However, the trial court's pretrial ruling as to the 1949 conviction must be viewed as merely tentative. That ruling was expressly conditioned on the defendant's taking the stand, which was then uncertain. More importantly, however, Fed.R.Evid. 609(b) clearly contemplates that any final ruling on the admissibility of a more than ten-year-old conviction should rest upon "specific facts and circumstances" developed in the course of the trial which bear on the probative value or prejudicial effect of the conviction in question. Thus, in ordinary circumstances, a defendant who objects to a pretrial ruling on the admissibility of such an aged conviction ought to assert that objection when the prosecutor seeks to introduce the questioned evidence. The trial court should be afforded an opportunity to rule on the admission of such evidence at the proper time after the facts and circumstances have been developed at least by the prosecution's case at trial.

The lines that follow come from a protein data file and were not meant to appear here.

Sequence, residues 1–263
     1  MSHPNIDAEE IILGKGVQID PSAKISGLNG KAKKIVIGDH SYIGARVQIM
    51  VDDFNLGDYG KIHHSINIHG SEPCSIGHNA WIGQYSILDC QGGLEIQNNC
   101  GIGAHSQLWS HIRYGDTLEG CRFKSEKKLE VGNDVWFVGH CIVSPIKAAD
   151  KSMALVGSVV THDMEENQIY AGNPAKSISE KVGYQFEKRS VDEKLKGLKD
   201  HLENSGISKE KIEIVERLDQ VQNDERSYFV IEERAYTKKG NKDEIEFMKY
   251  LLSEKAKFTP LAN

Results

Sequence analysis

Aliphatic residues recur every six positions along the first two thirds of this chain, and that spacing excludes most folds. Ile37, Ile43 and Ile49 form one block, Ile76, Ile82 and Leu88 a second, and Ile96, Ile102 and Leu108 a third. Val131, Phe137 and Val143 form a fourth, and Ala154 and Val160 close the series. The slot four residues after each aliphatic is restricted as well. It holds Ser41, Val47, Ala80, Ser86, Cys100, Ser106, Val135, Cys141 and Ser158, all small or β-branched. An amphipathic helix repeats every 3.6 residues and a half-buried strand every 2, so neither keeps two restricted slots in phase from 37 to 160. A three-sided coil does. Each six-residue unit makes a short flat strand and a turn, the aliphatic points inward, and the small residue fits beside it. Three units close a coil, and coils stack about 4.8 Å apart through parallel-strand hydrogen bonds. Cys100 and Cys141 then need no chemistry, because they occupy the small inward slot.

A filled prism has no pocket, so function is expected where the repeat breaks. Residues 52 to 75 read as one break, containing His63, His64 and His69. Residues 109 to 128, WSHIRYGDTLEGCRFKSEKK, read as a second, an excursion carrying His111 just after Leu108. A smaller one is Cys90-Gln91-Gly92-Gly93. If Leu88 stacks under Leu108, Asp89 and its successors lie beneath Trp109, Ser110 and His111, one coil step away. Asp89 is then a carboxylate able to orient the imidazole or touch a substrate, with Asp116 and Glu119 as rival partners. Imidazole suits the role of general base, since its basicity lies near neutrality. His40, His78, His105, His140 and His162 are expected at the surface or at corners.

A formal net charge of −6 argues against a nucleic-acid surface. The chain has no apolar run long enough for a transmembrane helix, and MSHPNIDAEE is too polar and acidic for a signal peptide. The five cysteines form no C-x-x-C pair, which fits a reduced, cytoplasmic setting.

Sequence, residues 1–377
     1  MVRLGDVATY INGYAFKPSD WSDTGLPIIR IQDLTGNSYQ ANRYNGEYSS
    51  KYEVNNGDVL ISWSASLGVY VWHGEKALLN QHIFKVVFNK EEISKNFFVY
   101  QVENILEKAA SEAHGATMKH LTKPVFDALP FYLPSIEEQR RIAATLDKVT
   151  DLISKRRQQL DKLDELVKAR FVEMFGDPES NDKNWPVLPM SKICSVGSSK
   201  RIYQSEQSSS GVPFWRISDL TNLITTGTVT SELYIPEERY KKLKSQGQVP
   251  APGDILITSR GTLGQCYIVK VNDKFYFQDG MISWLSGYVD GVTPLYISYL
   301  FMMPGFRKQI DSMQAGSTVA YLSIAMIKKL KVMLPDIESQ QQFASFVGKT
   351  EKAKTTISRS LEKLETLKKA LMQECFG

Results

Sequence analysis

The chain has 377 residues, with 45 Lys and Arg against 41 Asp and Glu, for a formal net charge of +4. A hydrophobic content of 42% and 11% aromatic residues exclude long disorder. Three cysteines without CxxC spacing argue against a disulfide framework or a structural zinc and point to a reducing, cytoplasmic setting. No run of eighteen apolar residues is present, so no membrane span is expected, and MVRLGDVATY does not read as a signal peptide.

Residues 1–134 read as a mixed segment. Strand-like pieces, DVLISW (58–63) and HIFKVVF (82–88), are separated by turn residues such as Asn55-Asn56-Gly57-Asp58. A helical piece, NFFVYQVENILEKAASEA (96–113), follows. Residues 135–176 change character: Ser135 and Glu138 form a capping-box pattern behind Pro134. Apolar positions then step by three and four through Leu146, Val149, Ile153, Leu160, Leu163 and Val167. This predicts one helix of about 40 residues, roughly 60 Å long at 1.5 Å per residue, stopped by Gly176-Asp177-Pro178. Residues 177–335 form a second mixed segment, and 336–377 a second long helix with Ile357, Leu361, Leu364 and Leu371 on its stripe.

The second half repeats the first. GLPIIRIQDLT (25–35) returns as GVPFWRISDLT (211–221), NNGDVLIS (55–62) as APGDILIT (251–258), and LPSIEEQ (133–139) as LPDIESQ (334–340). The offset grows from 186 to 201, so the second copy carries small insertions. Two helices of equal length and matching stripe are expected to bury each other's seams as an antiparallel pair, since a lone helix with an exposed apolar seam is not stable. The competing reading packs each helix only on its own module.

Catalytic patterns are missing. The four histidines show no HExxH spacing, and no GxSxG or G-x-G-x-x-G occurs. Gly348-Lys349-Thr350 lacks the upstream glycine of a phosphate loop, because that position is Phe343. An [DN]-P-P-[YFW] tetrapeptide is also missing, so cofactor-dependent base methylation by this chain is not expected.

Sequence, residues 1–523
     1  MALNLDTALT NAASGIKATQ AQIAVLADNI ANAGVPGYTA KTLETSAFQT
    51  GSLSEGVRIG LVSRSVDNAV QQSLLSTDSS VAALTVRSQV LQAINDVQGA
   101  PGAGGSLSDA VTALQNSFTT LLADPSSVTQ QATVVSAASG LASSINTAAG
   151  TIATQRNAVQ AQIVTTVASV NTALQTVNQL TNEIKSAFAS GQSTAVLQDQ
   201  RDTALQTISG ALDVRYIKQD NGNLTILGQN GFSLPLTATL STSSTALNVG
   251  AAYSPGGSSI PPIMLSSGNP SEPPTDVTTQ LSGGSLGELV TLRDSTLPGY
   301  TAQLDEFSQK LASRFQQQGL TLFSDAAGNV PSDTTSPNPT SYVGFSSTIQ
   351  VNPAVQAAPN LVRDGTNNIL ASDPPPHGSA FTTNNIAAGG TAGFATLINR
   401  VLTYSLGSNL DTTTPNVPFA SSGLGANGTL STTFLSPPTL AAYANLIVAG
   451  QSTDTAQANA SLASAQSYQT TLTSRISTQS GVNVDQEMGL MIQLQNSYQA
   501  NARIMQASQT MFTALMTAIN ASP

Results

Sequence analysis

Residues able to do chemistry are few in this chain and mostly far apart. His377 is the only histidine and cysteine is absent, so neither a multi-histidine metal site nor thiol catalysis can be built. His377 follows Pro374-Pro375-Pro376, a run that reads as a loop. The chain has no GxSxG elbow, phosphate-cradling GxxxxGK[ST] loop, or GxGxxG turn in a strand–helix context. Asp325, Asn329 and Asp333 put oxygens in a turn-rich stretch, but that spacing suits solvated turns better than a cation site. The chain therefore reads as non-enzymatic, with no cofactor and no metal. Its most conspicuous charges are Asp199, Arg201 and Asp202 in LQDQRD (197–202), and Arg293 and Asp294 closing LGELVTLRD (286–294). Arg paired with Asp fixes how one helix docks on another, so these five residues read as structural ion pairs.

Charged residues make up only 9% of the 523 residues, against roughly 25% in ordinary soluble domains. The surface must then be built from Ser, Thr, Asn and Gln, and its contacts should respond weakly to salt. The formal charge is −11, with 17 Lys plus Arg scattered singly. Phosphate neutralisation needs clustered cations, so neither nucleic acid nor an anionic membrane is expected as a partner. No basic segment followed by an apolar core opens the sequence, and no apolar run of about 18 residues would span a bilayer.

In addition, the trial court's conditioned pretrial ruling left open the possibility that the prosecutor might forego the opportunity to use the 1949 conviction in impeachment, thereby avoiding any risk of reversal due to that evidence, if he otherwise had presented a strong case or if he felt the facts and circumstances adduced at trial failed to justify the conviction's probative value as outweighing its prejudicial effect.
Here, Cobb effectively cut off both the prosecutor's privilege to withhold the possibly prejudicial evidence and the court's opportunity to reconsider its preliminary ruling by voluntarily broaching the subject of the 1949 conviction on direct examination. The Government's later reference to the 1949 conviction served only to correct a misimpression created by Cobb's testimony regarding that conviction.9